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[Xmca-l] Re: how to broaden/enliven the xmca discussion


It does not matter in what tradition you are arguing...analytical or continental...  It still produces the same absurd logic and point.  In sociology, immanuel wallerstein, anthony giddens, and a number of other structuration theorists building on hegel, marx, etc., encounter the same quineian problematic.  Your response somehow implies that the problematic does not exist in the continental tradition...definitely not the case.  The debate between Searle and Derrida speaks to this exact point.  As the feminist theorists, theresa brennan, points out in her essay, "two forms of consciouseness,"  uniting consciousness and behavior introduces the old conundrum of behaviorism and structuralism in a new form, "how do you account for alternative practical consciousnesses and the praxis of the genius..."

Dr. Paul C. Mocombe
The Mocombeian Foundation, Inc.

<div>-------- Original message --------</div><div>From: Andy Blunden <ablunden@mira.net> </div><div>Date:10/11/2014  10:09 PM  (GMT-05:00) </div><div>To: "Dr. Paul C. Mocombe" <pmocombe@mocombeian.com> </div><div>Cc: "eXtended Mind, Culture, Activity" <xmca-l@mailman.ucsd.edu> </div><div>Subject: Re: [Xmca-l] Re: how to broaden/enliven the xmca discussion </div><div>
</div>Paul, I really don't care if Willard Quine has problems.
My reply was in the tradition of Hegel, Marx and Vygotsky, not American 
analytical philosophy. Quine's difficulties shed no light on A N 
Leontyev's criticisms of Vygotsky.
*Andy Blunden*

Dr. Paul C. Mocombe wrote:
> But Andy, the genetic argument, the unity of consciousness and 
> behavior, sounds like Willard van Orman quine ' s behaviorism and 
> structurationism in sociology, neither adequately resolve the old 
> conundrum of behaviorism?  Watch quine as he struggles to resolve the 
> conundrum....
> Watch "On the Ideas of Quine: Section 1" on YouTube
> On the Ideas of Quine: Section 1: http://youtu.be/1iZvycU3I9w  
> Dr. Paul C. Mocombe
> President
> The Mocombeian Foundation, Inc.
> www.mocombeian.com 
> www.readingroomcurriculum.com 
> www.paulcmocombe.info 
> -------- Original message --------
> From: Andy Blunden
> Date:10/11/2014 8:22 PM (GMT-05:00)
> To: "eXtended Mind, Culture, Activity"
> Subject: [Xmca-l] Re: how to broaden/enliven the xmca discussion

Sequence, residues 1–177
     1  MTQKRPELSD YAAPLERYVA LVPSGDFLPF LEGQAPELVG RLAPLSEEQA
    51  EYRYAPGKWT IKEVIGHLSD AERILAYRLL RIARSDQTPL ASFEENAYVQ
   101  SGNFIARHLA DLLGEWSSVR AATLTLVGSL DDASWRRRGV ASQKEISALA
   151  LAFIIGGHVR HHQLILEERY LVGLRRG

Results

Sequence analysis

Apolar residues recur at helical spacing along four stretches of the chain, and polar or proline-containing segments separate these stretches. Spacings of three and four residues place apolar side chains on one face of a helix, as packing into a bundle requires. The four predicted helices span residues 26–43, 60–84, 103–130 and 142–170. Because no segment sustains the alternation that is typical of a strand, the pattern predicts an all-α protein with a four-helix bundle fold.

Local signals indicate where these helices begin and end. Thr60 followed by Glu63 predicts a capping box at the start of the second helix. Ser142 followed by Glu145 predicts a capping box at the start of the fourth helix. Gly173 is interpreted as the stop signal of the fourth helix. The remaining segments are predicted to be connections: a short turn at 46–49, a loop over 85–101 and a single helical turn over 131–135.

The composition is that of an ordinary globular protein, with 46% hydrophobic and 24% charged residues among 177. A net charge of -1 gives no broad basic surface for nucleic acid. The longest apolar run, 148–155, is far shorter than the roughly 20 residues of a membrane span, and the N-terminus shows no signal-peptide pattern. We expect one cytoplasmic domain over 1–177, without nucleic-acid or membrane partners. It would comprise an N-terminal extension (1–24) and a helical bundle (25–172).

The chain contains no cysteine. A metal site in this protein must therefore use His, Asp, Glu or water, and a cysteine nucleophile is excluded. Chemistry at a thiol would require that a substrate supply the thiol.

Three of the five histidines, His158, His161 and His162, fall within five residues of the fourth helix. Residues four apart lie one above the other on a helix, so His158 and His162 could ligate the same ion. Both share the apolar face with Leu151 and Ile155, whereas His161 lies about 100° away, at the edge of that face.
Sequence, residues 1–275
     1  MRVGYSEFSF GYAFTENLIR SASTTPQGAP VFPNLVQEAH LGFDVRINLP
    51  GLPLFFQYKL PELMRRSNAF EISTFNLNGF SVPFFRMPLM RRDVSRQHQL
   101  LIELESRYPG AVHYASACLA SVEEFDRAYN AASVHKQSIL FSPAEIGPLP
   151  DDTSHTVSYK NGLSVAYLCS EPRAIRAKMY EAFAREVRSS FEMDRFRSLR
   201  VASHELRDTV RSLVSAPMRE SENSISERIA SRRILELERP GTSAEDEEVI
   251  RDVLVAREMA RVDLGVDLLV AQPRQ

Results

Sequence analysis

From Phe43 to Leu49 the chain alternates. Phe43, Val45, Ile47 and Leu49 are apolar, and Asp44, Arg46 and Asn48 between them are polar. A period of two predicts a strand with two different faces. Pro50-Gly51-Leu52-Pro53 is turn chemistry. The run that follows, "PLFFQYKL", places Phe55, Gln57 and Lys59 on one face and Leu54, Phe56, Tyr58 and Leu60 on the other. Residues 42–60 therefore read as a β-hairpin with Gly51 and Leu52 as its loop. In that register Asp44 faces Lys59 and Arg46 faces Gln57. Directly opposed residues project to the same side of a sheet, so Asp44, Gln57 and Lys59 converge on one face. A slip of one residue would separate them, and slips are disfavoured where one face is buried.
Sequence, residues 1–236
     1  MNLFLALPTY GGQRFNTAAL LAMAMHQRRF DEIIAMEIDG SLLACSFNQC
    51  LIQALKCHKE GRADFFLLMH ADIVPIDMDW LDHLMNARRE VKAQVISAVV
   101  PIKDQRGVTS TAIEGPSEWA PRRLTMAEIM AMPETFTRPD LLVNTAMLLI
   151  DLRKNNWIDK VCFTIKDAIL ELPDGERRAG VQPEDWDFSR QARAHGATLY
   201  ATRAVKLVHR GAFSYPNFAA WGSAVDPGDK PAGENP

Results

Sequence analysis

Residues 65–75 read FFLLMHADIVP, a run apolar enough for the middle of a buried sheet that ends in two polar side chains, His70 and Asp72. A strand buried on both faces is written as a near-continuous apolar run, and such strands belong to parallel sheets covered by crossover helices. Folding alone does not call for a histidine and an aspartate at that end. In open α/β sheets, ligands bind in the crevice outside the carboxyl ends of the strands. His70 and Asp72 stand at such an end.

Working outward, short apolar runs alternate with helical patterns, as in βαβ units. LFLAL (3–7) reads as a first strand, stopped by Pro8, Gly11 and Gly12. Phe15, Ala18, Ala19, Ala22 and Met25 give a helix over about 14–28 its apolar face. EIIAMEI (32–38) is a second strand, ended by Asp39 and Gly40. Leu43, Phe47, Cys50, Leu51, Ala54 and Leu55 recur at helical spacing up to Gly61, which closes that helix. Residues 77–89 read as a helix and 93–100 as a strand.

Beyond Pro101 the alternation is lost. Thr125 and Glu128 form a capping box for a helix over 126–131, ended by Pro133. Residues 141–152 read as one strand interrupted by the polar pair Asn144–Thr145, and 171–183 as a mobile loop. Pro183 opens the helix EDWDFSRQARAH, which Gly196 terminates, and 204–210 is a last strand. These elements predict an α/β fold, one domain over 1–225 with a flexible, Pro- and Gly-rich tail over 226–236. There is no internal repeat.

> Mike, in my view, your observations below, that your "private"
> reflections were connected to a future action is exactly the sense in
> which CHAT bases itself on *action* as the unity of consciousness and
> behaviour, i.e., genetically. When we simply confront the product
> (private thoughts) insoluble conundrums are presented. CHAT understands
> the relation of thinking and acting genetically.
> Andy
> ------------------------------------------------------------------------
> *Andy Blunden*
> http://home.pacific.net.au/~andy/
> mike cole wrote:
> > ...
> > I might characterize what I was doing in the car as preparing for, and
> > simulating a next turn in an ongoing discussion with a number of
> > colleagues, unsure of what my own conclusions regarding the issue of
> > thought/action/semiosis are. In light of the discussion, I began to 
> wonder
> > about that term, articulation, in Martin's note. I take articulation to
> > mean roughly "to say out loud to another as part of a conversation 
> (text?).
> > But, I have been asking myself, and ask you all for your thoughts, 
> when I
> > am engaged in verbal thinking aren't I engaged in a conversation with
> > another, with an audience or my sense of an audience, as part of the
> > process that generates what I say? It is often said that one does 
> not stop
> > being a sociocultural organism simply by virtue of being physically
> > separate from others. Is there, in such "conversations with oneself" 
> a form
> > of articulation?
> >
> > And/or, might the fact that these thoughts were incorporated in my next
> > communication as part of this conversation, not be considered a form of
> > asychronous, semiotic, action?
> >
> > Thanks again for your concise answer. Sorry I cannot follow 
> adequately some
> > of the points you are making.
> > mike
> >  
> >